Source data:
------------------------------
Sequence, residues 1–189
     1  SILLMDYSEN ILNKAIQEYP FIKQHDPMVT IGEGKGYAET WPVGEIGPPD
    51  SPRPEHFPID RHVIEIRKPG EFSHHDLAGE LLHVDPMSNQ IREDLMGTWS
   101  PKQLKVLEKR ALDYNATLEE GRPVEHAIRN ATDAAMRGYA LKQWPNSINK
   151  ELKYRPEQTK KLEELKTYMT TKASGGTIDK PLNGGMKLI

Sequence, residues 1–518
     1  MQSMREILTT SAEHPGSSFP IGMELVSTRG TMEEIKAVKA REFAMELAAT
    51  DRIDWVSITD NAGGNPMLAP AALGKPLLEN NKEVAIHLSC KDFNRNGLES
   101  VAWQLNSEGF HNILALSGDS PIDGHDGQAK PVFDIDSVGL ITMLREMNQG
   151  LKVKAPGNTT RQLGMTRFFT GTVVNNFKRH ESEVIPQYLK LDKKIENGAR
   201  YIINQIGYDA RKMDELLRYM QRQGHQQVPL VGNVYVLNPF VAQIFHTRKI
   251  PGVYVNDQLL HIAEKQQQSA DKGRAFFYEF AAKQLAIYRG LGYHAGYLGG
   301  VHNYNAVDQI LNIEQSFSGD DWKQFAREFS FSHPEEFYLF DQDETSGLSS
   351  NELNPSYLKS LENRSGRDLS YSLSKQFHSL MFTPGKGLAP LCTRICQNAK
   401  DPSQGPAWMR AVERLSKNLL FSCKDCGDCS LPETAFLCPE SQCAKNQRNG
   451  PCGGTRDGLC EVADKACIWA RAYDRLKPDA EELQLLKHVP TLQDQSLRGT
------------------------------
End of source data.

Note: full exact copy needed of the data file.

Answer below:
Sequence, residues 1–189
     1  SILLMDYSEN ILNKAIQEYP FIKQHDPMVT IGEGKGYAET WPVGEIGPPD
    51  SPRPEHFPID RHVIEIRKPG EFSHHDLAGE LLHVDPMSNQ IREDLMGTWS
   101  PKQLKVLEKR ALDYNATLEE GRPVEHAIRN ATDAAMRGYA LKQWPNSINK
   151  ELKYRPEQTK KLEELKTYMT TKASGGTIDK PLNGGMKLI

Sequence, residues 1–518
     1  MQSMREILTT SAEHPGSSFP IGMELVSTRG TMEEIKAVKA REFAMELAAT
    51  DRIDWVSITD NAGGNPMLAP AALGKPLLEN NKEVAIHLSC KDFNRNGLES
   101  VAWQLNSEGF HNILALSGDS PIDGHDGQAK PVFDIDSVGL ITMLREMNQG
   151  LKVKAPGNTT RQLGMTRFFT GTVVNNFKRH ESEVIPQYLK LDKKIENGAR
   201  YIINQIGYDA RKMDELLRYM QRQGHQQVPL VGNVYVLNPF VAQIFHTRKI
   251  PGVYVNDQLL HIAEKQQQSA DKGRAFFYEF AAKQLAIYRG LGYHAGYLGG
   301  VHNYNAVDQI LNIEQSFSGD DWKQFAREFS FSHPEEFYLF DQDETSGLSS
   351  NELNPSYLKS LENRSGRDLS YSLSKQFHSL MFTPGKGLAP LCTRICQNAK
   401  DPSQGPAWMR AVERLSKNLL FSCKDCGDCS LPETAFLCPE SQCAKNQRNG
   451  PCGGTRDGLC EVADKACIWA RAYDRLKPDA EELQLLKHVP TLQDQSLRGT